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Review

Overview of Chios Mastic Gum (Pistacia lentiscus) Effects on Human Health

1
First Cardiology Department, Hippokration General Hospital, School of Medicine, National and Kapodistrian University of Athens, 11527 Athens, Greece
2
First Department of Dermatology-Venereology, Andreas Sygros Hospital, School of Medicine, National and Kapodistrian University of Athens, 16121 Athens, Greece
*
Author to whom correspondence should be addressed.
Nutrients 2022, 14(3), 590; https://doi.org/10.3390/nu14030590
Received: 31 December 2021 / Revised: 24 January 2022 / Accepted: 26 January 2022 / Published: 28 January 2022
(This article belongs to the Section Clinical Nutrition)

Abstract

:
Despite the remarkable development of the medical industry in the current era, herbal products with therapeutic potentials arise as attractive alternative treatments. Consequently, Chios mastiha, a natural, aromatic resin obtained from the trunk and brunches of the mastic tree, has recently gained increasing scientific interest due to its multiple beneficial actions. Chios mastiha is being exclusively produced on the southern part of Chios, a Greek island situated in the northern Aegean Sea, and its therapeutic properties have been known since Greek antiquity. There is now substantial evidence to suggest that mastiha demonstrates a plethora of favorable effects, mainly attributed to the anti-inflammatory and anti-oxidative properties of its components. The main use of mastiha nowadays, however, is for the production of natural chewing gum, although an approval by the European Medicines Agency for mild dyspeptic disorders and for inflammations of the skin has been given. The aim of this article is to summarize the most important data about the therapeutic actions of Chios mastiha and discuss future fields for its medical application.

Graphical Abstract

1. Introduction

Mastiha is a natural, aromatic resin obtained from the trunk and brunches of the mastic tree (Pistacia lentiscus L. var latifolius Coss or Pistacia lentiscus var. Chia). It is also known as Chios mastic gum, being exclusively produced on the southern part of Chios, a Greek island situated in the northern Aegean Sea. Although Pistacia species are widespread across the Mediterranean basin and the surrounding regions, mastiha is produced only by the mastic trees grown on the island of Chios, where 24 villages (Mastichochoria in Greek) maintain the region’s cultural heritage and participate in the resin’s production. The life cycle of most trees is about 100 years, and the yearly production ranges from 60 to 250 g per tree. After the induction of small cuts on the tree’s bark and branches, the resin is produced and collected in “tears” or droplets, which are initially translucent white or pale-yellow, acquiring a more yellowish and opaque color as they age [1].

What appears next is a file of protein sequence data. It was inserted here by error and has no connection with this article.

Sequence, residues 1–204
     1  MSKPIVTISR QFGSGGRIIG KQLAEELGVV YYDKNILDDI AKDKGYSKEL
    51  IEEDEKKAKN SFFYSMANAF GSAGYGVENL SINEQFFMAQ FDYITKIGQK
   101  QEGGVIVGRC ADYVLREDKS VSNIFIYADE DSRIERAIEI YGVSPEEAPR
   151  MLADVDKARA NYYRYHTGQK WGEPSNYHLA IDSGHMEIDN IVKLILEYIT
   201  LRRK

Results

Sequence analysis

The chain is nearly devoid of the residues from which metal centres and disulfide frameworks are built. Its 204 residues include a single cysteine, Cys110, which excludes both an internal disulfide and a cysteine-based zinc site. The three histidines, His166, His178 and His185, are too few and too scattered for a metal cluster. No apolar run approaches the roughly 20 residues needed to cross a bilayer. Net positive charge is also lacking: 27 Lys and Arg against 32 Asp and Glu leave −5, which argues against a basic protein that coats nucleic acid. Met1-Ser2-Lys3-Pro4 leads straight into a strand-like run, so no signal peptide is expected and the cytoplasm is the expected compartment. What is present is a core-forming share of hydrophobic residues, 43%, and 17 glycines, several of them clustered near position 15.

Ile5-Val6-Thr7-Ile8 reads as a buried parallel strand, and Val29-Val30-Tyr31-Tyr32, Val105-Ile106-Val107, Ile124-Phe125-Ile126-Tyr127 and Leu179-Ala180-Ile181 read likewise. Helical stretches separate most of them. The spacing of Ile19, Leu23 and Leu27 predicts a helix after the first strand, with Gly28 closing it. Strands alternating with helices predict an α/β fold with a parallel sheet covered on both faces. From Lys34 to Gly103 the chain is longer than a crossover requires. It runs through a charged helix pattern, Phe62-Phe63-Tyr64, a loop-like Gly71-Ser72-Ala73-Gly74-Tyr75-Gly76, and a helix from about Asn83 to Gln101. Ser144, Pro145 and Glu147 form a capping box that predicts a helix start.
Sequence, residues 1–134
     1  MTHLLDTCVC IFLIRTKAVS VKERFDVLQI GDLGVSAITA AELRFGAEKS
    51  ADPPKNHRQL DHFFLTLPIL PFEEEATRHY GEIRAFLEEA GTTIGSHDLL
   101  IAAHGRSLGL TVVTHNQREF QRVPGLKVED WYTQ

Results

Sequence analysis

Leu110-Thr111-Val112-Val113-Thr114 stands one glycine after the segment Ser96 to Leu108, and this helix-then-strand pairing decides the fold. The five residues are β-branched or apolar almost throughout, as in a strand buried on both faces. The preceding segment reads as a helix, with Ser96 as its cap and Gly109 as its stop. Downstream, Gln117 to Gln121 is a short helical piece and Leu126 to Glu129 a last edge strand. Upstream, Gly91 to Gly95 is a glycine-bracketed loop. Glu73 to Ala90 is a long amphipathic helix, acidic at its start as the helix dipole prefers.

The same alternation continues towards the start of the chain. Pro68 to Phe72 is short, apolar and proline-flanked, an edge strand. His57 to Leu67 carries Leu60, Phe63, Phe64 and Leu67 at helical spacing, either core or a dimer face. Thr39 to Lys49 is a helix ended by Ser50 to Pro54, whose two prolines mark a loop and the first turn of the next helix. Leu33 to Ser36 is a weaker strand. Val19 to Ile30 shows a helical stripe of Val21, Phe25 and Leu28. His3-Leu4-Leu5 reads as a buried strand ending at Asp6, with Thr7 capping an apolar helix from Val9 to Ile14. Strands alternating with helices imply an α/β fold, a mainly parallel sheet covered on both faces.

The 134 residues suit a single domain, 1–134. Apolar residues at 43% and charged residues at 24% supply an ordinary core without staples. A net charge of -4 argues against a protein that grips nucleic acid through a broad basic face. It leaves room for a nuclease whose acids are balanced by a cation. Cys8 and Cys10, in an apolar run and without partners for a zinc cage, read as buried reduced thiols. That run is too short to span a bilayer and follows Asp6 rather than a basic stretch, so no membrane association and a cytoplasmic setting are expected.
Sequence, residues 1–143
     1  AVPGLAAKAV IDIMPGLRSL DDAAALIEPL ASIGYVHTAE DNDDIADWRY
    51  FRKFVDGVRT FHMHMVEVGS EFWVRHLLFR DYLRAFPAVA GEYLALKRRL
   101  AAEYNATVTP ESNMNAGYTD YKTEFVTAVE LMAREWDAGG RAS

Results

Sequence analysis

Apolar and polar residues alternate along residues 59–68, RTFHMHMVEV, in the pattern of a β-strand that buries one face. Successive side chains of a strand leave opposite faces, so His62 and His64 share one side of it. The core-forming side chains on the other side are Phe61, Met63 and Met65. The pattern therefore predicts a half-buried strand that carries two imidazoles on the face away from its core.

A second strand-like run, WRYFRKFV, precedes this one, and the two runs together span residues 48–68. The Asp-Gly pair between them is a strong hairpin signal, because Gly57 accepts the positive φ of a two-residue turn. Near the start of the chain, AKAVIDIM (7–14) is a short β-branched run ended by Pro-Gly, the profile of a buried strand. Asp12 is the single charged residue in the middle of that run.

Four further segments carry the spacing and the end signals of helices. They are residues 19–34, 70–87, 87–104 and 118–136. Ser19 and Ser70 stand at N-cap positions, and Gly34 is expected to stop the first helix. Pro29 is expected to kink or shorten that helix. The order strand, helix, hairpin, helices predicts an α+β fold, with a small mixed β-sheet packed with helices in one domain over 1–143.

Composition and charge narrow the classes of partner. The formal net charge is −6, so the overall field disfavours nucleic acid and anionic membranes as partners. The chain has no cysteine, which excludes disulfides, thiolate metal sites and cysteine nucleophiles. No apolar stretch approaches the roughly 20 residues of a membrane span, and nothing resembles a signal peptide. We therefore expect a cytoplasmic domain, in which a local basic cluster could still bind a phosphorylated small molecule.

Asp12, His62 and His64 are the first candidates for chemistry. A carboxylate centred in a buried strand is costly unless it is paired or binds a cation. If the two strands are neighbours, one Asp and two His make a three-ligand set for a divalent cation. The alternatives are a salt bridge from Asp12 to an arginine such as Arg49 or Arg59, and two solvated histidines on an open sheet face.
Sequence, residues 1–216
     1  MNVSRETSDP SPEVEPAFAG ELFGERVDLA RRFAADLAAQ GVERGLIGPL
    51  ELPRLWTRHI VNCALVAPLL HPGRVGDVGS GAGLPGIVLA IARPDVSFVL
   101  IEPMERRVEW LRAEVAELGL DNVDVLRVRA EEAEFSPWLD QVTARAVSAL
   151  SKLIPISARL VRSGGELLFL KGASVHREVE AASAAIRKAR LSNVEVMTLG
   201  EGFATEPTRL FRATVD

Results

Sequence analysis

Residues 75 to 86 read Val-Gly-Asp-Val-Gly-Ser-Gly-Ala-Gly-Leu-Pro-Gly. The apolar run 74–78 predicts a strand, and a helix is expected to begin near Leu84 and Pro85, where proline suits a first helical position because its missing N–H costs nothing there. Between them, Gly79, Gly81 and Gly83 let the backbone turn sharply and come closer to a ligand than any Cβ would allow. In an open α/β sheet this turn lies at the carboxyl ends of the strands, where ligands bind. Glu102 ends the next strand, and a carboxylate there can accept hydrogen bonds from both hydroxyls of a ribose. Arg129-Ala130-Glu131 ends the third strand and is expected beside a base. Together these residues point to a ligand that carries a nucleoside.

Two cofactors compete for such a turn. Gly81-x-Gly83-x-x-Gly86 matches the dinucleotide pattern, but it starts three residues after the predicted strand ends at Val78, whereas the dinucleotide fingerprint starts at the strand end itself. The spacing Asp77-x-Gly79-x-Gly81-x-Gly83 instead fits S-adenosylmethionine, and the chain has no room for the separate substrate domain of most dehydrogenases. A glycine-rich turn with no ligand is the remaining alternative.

Mastiha has been harvested for more than 2500 years, and it is already known in Greek antiquity for its therapeutic properties. The famous physician of the Greek classical era Hippocrates used mastiha to treat gastrointestinal disorders. During the Roman and Byzantine periods, the recognition of its healing effects led to the development of the trade of mastiha, which constitutes one of the monopolies managed by the Sultan in the years of the Ottoman Empire. In recent era, despite the remarkable development of the medical industry, mastiha still maintains a unique position among herbal treatments. Recognizing its therapeutic value, the European Medicines Agency (EMA) has included Chios mastiha in the category of traditional herbal medicines, approving the use of mastiha for mild dyspeptic disorders and for inflammation or minor lesions of the skin [2]. The main use of mastiha nowadays, however, is for the production of the natural chewing gum of Chios with a characteristic bitter taste, for dental and culinary purposes, and as a food ingredient in the Mediterranean region.
This therapeutic potential of mastiha can be attributed to the action of a variety of compounds with anti-inflammatory and antioxidant properties [3]. It represents a concentrated, natural source of terpenes, phenolic compounds, phytosterols, arabino-galactanes proteins, and natural polymers, along with volatile and aromatic ingredients, displaying a plethora of bioactive effects (Table 1) [4,5]. Nevertheless, the bioaccessibility and bioavailability of these ingredients is not fully understood, while the precise mechanisms underlying mastiha’s beneficial effects remain yet largely unknown. In this context, the aim of this article is to summarize the most important therapeutic actions of Chios mastiha and discuss scientific evidence supporting the expansion of its medical application.

2. Anti-Inflammatory Properties

Inflammation constitutes the common pathogenetic substrate for many acute and chronic diseases. It represents the human’s immune system response to various stimuli, such as pathogens, toxic compounds and damaged cells, regulated by a variety of endogenous factors, including cytokines, growth factors and activated cells [6]. There are two types of inflammation, acute and chronic. While acute inflammation usually refers to a short-term activation of the immune system as a response to an external trigger, chronic inflammation may occur in the absence of any specific stimuli, resulting in the development of many chronic diseases. It is now well established that several chronic disorders, such as connective tissue and inflammatory bowel diseases, diabetes mellitus, cancer and cardiovascular disorders share, to a lesser or greater degree, common pathogenetic mechanisms involving inflammation [7].